What to do if You're Detained in Arizona? Here's a Lawyer's Advice
Stay up to date with the latest headlines via email.
EDITOR'S NOTE: In recent weeks, immigration attorneys in Arizona and other states have been flooded with questions from anxious residents about how to avoid getting detained by immigration authorities and what to do if they or a loved one does get caught. Here’s some advice from Margarita Silva, an immigration lawyer in Phoenix affiliated with Los Abogados, a local Latino attorneys group.
What new information should the public know, now that some of the key provisions of SB 1070 have been blocked by a federal judge?
For the meantime, people who were afraid that they could be stopped and questioned about their immigration papers can breathe a sigh of relief. But I don’t think that this is a great setback for the people who want to keep arresting immigrants. [Gov. Jan Brewer] has called the judgment “a bump in the road.” So I believe the [immigrant] community needs to be alert and follow [news developments] very carefully.
Do you feel that SB 1070 proponents will find alternate ways to enact some of the blocked provisions using other existing laws?
[Even before SB 1070, authorities] have already been using our employer sanction laws to arrest undocumented immigrants. The irony is that [SB 1070] was put in place to arrest the employers who are hiring illegal immigrants. But up to now, they have only been arresting undocumented workers for using false documents to work. Not a single employer has been arrested.
There are other provisions of SB 1070—including the charge of harboring an undocumented immigrant—that can be enforced starting July 29. How does this provision affect U.S. citizens with undocumented spouses, or citizens living in an extended family with undocumented relatives?
There is no strict legal definition of what “harboring” means. In general, it refers to actively aiding someone to evade law enforcement officials. The impact on families with undocumented members depends on how strictly the law is interpreted. Sometimes, if a friend or colleague wants to stay with you temporarily, then you don’t really ask for their immigration status. In that case, you are not “knowingly disregarding the facts.”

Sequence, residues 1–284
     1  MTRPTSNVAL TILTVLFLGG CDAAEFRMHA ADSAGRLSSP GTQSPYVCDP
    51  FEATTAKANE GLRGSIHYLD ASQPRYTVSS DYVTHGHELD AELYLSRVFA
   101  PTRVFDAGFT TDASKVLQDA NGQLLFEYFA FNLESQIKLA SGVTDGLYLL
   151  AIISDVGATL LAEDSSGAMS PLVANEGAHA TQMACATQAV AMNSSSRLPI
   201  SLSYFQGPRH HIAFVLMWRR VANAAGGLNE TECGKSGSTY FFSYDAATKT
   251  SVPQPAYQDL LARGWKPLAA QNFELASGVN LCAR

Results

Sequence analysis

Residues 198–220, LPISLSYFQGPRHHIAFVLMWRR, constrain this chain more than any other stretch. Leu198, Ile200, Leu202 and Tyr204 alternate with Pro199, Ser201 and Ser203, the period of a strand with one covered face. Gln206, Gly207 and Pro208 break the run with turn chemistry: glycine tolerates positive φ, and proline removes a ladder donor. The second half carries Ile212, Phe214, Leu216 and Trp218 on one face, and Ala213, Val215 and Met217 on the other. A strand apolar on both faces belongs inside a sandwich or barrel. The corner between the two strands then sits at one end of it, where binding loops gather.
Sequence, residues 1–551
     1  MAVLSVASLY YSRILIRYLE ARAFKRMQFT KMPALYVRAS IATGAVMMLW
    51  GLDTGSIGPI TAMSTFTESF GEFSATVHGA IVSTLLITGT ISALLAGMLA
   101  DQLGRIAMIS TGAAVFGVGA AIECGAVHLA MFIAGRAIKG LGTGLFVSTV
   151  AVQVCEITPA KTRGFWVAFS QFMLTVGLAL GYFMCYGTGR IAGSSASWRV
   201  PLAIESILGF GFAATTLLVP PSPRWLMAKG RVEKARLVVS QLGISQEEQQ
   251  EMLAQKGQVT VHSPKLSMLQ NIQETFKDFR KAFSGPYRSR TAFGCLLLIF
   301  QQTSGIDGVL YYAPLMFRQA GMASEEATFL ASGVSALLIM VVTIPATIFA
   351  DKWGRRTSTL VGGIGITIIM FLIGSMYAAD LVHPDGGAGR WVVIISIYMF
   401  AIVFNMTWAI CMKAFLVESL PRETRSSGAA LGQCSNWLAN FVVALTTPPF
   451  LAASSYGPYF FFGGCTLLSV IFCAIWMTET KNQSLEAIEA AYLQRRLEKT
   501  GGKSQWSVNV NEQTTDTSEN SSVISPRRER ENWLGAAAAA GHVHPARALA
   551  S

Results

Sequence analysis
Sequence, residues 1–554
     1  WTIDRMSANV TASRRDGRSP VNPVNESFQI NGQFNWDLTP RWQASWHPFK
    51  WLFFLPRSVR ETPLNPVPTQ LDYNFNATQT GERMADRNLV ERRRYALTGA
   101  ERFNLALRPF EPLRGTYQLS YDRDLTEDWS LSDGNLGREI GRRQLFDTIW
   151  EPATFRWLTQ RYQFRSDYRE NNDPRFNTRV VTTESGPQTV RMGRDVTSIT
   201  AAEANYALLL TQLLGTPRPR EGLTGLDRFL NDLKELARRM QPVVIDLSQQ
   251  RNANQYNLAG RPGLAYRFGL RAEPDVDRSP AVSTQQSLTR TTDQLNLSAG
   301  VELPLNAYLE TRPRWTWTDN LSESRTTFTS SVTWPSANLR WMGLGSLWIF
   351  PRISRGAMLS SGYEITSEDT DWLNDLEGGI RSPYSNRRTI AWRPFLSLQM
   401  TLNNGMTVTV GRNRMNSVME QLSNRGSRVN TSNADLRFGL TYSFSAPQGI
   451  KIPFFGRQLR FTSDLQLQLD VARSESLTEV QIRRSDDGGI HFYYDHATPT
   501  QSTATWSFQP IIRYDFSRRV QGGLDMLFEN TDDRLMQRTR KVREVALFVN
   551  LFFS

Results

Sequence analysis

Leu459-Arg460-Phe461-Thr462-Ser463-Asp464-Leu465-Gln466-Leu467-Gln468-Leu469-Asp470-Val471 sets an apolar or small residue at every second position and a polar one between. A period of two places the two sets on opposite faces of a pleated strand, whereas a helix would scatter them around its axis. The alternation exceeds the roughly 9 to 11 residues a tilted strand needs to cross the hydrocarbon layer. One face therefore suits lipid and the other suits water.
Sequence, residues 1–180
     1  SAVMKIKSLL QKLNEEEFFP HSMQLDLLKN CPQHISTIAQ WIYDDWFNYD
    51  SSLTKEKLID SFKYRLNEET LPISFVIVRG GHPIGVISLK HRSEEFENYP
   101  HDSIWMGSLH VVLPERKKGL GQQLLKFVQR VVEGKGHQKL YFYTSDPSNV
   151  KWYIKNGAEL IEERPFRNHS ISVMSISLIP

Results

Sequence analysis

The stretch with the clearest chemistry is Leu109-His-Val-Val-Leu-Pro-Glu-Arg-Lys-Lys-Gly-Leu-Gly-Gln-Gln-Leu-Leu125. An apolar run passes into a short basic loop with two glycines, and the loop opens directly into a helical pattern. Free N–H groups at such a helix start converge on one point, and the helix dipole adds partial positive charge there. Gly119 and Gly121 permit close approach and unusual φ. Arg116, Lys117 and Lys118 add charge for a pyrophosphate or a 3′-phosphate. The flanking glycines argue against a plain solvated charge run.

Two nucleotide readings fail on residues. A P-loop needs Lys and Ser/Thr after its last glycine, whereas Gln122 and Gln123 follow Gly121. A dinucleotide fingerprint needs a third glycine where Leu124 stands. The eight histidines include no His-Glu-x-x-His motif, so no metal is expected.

What have you told people who ask what to do if they are stopped, either under SB 1070 or another law?
We tell them if you can validly show identification, that’s fine—you should go ahead and do it. But you need to know that it’s different depending on whether you are a passenger or the driver. For example, if you are a passenger, you are not required to engage with a police officer when they stop the driver for a traffic violation. Even if you are a driver, you can just answer questions about the violation you stopped for.
[Remember,] If you are accused of a crime, you have a 100 percent right to remain silent. I’d like to think people are aware of this. But knowing it in your head or seeing it on TV is different from sitting there with your children in the back seat while an officer with a badge and gun asks you questions. You can end up saying incriminating things.
What happens to your property if you are picked up?
If you are alone, your property might be impounded. If you are with someone you trust, you can hand over your personal possessions like your watch and wallet. Technically, your belongings should be returned to you upon release. But [Immigration and Customs Enforcement] does not like to take personal property into its possession. So things are often lost.
What about cars and houses?
I advise people to have a power of attorney ready for close friends or relatives who can take charge of your affairs.